by Katy Tahja, Kelley House Museum Volunteer
I wish I could have gone to the 1939 Golden Gate International Exposition. At a recent book sale I picked up the official guide book, priced 25 cents, and was fascinated by the attractions offered, even if they happened 78 years ago.
Called a World’s Fair, it lasted from February 18 to December 2, 1939, and featured nations on parade with art and industry added to make a pageant of the Pacific for 20 million visitors to San Francisco. Construction and operations work gave jobs to thousands during the Great Depression. Treasure Island, which was built for the World’s Fair, had its own telephone exchange and information was “Fairgrounds 1939”.
Twenty-one states and the territories of Alaska and Hawaii had buildings and exhibits. Mendocino County had a presence in the Redwood Empire Building, made, of course, of redwood. The amusement zone featured “novel riding devices” with rare and thrilling shows, concessions and exotic Pacific food. You could eat Javanese food, or Russian, which must have been exotic for the time. American food featured a Bean Pot, doughnuts, corn on the cob, Ghirardelli chocolate, and frozen custard. A thousand pound fruitcake was displayed. In the California Building there was a “mother’s room” to change diapers. Even better, a children’s village would babysit your child.
While the guide had everything you would expect on how to get there, charges, what to see, public services and such, I enjoyed reading advertisements offering $2.50 room rates. Hertz was renting cars (dial Underwood 6868) and dining and dancing happened on a street called the Gayway. Spenger’s Grotto and Alioto’s Restaurant still serve dinner along the San Francisco Bay today. Ferry fare to Treasure Island was 5 cents and parking was 50 cents, as was adult admission to the fair.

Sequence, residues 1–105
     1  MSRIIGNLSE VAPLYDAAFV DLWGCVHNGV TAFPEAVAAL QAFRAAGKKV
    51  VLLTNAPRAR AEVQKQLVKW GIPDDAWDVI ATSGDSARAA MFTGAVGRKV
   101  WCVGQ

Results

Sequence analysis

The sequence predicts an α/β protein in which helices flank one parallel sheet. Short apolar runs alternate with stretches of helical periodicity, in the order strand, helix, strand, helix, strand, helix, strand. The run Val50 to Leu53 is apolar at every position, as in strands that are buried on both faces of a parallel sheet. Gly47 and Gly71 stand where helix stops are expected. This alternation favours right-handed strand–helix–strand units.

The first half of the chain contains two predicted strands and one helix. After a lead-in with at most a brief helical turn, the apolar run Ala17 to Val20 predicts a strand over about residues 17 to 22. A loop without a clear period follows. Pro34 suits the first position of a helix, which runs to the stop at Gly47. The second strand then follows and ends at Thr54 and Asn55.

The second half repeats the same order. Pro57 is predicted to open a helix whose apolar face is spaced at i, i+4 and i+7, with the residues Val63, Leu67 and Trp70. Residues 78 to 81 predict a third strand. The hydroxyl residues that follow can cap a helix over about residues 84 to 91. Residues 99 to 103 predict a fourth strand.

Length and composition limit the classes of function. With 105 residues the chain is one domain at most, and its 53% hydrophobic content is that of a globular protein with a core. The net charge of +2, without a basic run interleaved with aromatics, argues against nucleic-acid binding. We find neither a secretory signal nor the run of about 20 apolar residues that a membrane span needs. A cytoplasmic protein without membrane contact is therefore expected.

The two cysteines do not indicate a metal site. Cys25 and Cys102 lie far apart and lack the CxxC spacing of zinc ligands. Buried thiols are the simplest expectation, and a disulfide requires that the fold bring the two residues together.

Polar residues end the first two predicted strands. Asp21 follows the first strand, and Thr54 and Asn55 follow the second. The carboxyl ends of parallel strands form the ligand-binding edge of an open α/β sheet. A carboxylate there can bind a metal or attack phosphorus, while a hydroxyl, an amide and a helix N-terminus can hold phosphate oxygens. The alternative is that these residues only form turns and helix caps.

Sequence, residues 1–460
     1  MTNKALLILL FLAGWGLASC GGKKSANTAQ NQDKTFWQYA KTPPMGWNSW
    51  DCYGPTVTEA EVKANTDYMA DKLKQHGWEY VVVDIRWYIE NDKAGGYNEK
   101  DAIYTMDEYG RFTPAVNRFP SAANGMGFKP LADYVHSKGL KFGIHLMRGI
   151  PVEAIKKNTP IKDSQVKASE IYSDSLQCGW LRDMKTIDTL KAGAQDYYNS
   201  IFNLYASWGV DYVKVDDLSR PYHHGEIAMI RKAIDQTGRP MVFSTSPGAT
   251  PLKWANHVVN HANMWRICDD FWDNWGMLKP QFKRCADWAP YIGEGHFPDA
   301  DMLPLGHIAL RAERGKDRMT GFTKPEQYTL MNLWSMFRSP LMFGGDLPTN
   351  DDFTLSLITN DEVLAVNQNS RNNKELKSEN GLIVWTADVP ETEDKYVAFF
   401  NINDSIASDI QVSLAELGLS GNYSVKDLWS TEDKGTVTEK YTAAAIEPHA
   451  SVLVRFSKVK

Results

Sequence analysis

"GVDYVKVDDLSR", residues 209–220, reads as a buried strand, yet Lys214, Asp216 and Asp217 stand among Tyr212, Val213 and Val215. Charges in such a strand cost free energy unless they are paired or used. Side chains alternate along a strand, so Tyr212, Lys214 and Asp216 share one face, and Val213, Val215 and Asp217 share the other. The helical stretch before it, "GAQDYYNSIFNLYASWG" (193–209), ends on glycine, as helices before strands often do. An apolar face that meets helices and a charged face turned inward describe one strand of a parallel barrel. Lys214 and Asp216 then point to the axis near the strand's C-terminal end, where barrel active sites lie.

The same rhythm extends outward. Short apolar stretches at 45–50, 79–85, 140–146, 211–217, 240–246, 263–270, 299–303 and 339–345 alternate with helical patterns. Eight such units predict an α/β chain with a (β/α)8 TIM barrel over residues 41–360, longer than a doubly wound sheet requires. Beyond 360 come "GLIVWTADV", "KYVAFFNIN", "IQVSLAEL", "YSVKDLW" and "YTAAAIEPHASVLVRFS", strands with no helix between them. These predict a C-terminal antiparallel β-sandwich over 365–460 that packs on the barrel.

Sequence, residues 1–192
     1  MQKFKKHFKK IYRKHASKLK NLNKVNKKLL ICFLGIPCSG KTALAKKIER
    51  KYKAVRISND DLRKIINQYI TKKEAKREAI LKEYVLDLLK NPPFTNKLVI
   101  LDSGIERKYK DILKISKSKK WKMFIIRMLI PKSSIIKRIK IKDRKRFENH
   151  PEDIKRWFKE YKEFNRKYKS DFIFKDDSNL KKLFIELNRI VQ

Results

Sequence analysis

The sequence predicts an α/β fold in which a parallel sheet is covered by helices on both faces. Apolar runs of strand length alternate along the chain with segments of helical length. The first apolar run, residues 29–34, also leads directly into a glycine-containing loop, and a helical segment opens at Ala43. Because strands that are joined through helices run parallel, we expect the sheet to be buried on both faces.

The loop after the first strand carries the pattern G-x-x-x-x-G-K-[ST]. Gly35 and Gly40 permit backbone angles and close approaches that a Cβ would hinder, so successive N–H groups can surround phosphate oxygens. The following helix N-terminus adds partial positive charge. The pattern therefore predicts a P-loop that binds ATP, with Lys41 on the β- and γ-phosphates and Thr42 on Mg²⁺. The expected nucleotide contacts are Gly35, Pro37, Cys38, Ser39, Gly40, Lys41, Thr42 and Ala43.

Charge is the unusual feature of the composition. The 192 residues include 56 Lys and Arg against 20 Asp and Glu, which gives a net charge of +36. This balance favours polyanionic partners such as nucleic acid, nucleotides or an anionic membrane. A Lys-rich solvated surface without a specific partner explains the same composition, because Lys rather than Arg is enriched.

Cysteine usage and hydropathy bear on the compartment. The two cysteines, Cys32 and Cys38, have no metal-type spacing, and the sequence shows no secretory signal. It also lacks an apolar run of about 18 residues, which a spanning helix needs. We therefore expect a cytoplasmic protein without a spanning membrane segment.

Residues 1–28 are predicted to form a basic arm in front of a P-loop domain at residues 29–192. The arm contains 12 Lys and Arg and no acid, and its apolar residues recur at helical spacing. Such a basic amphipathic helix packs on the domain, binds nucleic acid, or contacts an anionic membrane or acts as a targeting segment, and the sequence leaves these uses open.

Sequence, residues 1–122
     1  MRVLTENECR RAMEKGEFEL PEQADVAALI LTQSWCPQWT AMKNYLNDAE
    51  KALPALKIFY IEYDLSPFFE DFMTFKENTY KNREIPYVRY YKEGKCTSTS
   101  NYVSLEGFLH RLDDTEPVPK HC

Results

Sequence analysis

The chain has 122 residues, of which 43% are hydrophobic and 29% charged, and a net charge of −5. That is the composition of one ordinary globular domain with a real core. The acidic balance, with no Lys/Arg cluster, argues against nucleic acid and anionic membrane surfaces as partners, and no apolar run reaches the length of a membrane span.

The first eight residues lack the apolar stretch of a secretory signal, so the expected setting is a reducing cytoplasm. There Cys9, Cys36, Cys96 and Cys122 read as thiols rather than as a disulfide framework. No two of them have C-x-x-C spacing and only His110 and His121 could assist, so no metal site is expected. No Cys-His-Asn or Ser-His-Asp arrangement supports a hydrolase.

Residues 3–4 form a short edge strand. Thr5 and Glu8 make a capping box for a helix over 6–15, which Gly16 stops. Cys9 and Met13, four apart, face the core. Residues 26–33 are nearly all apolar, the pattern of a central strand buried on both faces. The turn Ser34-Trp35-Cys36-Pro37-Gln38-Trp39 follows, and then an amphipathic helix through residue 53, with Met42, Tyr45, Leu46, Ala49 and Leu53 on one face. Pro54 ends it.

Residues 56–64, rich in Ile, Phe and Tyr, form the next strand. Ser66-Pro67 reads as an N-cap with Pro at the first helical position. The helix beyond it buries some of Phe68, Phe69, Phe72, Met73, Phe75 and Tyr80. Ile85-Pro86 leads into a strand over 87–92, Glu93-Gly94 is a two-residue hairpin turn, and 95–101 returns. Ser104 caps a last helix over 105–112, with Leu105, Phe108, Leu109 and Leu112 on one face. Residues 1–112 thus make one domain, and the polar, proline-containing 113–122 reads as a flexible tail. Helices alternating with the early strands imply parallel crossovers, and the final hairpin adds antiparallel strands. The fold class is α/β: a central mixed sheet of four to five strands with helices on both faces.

“What Interests You?” the guidebook asked. From A — agriculture, animals, Army and Navy, Arts, Athletics and Aviation — to W — wine, western states and wildlife — an alphabet of activities was offered. Under M was motors, with auto dealers and air transportation, and music, including where to find bagpipes, Chinese music, marimba bands or a Cossack choir.
The previous owner of my guidebook went to see art. He or she had underlined sculptors and murals to visit in the Court of the Moon and other locations. In the alphabetical index of exhibitors and buildings, I found unexpected offerings. The American Bible Society was there, along with the Birth Control Federation of America. Blindcraft had an exhibit, along with the California Fig Institute. The California Silkworm Industry was there, along with Historical Automobiles. What was a Mystoplane and what was Okonite? The Wine Industry of California exhibited products from three wineries and that was it for wine!
I would have enjoyed the mines and minerals exhibit full of geologic wonders. The International Hall had 250,000 miniature hand-carved items, including 30 tiny elephants on a seed. In the Home and Garden Building, the Independent Order of Foresters displayed a diorama of their tuberculosis sanitarium and the Schlage Lock Company had panic proof locks.
The Livestock Pavilion told the story of the West’s livestock industry and had 600 box stalls and space for 2000 head of cattle. Thirteen major livestock shows took place during the exposition — including cat and dog shows. French Indochina and Netherlands, East Indies had exhibits from their vanishing territories. “Hormone Woman” was an informative display of sex hormones by the Schering Corporation.
Well, I was 78 years too late to see the Golden Gate International Exposition, but I would have loved to have been there.
Photograph: Elizabeth Bishop and Vernie Brown at the 1939 World’s Fair, acting as chaperones for the Mendocino High School Senior Class.